Brunelcare hands back contract to council

Brunelcare is handing back its Support To Live at Home and Extra Care Housing contract it holds with North Somerset Council because it is no longer financially sustainable.

The two parties had been in discussions about the contract covering Clevedon and Portishead for a ‘number of months’. However, the charitable organisation said discussions resulted in the local authority searching for an alternative service provider.

A council document said Brunelcare had identified ‘financial losses and capacity issues’ as reasons for wanting to be released from the contract, with the volume of services having ‘steadily decreased’ over the past two years.

It added: ‘Brunelcare was struggling with recruitment and retention of staff and failing to accept new packages of care in the required timescales of the contract. There have been no concerns raised over quality.’ Services are rated Good by the regulator.

Kevin Fairman, Brunelcare chief executive, said: ‘As a charity, any surplus we make is reinvested back into the services we provide. However, when a contract is not financially viable, the rest of the charity is effectively subsidising that service. This is not a sustainable position and we have a responsibility to act in the interests of the long-term future of the charity, which has been providing care to older people for over 75 years.’

Formerly known as Bristol Age Care, the provider was established in 1941. Its 2018 accounts showed operating revenue remained static at £33m (2017: £33m), while its surplus dipped to £678,000, from £1.9m the year previous.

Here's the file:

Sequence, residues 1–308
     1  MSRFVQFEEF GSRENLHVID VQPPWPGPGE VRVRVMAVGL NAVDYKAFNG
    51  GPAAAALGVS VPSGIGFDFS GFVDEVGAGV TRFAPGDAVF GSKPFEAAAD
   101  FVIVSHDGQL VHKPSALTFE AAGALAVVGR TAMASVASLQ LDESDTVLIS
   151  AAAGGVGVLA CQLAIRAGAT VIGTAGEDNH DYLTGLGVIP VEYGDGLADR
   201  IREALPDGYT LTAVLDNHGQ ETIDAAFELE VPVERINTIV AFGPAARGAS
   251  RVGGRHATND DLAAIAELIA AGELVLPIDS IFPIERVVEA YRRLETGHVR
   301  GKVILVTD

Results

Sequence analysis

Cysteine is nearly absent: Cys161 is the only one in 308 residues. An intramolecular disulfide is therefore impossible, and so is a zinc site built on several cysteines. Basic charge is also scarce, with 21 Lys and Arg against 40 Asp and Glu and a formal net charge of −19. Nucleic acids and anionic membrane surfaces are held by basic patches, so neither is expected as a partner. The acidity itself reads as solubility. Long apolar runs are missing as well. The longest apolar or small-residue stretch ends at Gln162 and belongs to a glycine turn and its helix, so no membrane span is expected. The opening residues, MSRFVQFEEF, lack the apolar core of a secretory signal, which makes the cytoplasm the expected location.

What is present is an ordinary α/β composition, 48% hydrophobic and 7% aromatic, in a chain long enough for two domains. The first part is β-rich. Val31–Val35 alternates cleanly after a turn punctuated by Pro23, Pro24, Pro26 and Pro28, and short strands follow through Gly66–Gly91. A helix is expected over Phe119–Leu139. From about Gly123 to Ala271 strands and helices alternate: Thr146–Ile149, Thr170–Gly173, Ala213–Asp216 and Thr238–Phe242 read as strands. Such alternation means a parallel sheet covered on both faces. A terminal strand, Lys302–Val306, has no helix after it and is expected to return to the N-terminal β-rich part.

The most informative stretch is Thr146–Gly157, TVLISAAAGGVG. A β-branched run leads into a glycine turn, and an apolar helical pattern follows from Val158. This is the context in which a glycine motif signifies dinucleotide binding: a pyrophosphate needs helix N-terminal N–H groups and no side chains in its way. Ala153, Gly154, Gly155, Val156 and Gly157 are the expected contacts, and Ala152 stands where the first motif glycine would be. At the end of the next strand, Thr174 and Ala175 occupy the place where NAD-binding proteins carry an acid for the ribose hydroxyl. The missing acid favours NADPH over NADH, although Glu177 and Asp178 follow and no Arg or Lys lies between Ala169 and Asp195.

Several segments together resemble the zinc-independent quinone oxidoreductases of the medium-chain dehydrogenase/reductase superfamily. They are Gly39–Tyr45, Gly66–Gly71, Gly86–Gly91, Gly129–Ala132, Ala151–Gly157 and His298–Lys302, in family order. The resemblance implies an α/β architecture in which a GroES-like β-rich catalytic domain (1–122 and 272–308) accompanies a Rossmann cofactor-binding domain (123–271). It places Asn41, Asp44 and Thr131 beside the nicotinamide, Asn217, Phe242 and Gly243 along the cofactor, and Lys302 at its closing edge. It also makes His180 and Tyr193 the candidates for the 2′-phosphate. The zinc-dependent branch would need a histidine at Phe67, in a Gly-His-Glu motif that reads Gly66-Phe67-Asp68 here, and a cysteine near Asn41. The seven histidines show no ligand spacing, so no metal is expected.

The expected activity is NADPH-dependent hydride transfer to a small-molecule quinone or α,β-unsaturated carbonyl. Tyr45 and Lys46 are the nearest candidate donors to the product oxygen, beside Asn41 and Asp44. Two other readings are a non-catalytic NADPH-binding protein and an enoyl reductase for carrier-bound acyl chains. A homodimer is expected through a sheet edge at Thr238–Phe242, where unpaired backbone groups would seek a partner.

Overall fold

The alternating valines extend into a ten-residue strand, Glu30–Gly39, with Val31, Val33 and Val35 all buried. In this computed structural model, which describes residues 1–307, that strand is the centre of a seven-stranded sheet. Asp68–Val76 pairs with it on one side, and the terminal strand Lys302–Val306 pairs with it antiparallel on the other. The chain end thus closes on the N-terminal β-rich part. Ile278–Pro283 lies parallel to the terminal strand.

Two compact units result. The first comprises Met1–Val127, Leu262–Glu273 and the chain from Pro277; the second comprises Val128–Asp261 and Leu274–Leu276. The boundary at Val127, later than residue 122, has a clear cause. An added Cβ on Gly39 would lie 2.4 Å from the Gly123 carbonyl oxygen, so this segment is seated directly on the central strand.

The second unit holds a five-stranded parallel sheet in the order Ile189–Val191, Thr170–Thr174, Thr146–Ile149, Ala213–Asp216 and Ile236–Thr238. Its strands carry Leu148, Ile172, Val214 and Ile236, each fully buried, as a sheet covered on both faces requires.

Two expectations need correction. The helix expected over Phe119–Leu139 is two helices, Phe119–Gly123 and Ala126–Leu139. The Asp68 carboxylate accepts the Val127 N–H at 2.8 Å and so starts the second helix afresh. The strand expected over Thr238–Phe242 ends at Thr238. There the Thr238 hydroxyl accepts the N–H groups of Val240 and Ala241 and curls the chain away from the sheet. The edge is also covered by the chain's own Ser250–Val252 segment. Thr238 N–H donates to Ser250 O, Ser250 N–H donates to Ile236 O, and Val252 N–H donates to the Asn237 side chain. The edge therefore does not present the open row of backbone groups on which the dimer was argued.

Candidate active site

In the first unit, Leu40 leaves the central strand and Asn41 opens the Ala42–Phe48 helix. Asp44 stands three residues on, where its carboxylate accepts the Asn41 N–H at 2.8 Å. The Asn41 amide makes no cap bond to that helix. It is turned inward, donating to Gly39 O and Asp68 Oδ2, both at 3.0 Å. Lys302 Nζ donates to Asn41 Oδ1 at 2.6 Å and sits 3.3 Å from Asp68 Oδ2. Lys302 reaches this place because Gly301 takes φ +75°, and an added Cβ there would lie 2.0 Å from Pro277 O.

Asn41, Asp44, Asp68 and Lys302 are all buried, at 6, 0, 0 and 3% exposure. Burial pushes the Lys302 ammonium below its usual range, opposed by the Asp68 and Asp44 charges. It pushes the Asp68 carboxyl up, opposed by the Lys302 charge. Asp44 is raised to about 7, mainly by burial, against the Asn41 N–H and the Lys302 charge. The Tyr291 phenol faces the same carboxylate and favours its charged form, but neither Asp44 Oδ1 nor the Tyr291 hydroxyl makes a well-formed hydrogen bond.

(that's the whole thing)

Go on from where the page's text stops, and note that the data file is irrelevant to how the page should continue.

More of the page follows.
The provider has 13 registered services in the South West, including domiciliary care, care homes and Extra Care Housing. At the end of February, it had 112 North Somerset domiciliary care and 35 extra care clients.

It is working with the council to ensure a smooth transition to a new provider – Nobilis Care on 1 April. Employees will be TUPE transferred to Nobilis.

A council spokesperson said: ‘Following discussions with Brunelcare, they have asked to be released from their contract with us.

‘Our main priority at this time is ensuring continuity of care for our residents who use these services. We therefore aim to retain as many of Brunelcare’s staff as possible and initial staff meetings have been held.

‘Nationally it is a challenging time for the health and social care sector, with high staff turnover rates. We launched our Proud to Care bonus scheme last autumn to help our care providers with recruitment and retention of staff, by acknowledging the importance of care staff and valuing the vital work they do for our local communities here in North Somerset.

‘Going forwards, we hope this scheme will improve the situation and make a career in care a real, viable option for people.’

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Deven Pamben has more than 15 years’ experience as a journalist, working on newspapers, trade magazines and online publications. A Criminology graduate, Deven worked for Hertfordshire Constabulary before becoming a journalist. He began his journalism career at a local newspaper in Hertfordshire before moving into trade magazines in permanent roles or as a freelancer. Titles he has reported and edited on include Law Society Gazette, Harpers Wine and Spirit, and Health Club Management. Deven has also written travel features for the Sunday People, and spent two years working in Beijing for the official press agency of the People’s Republic of China.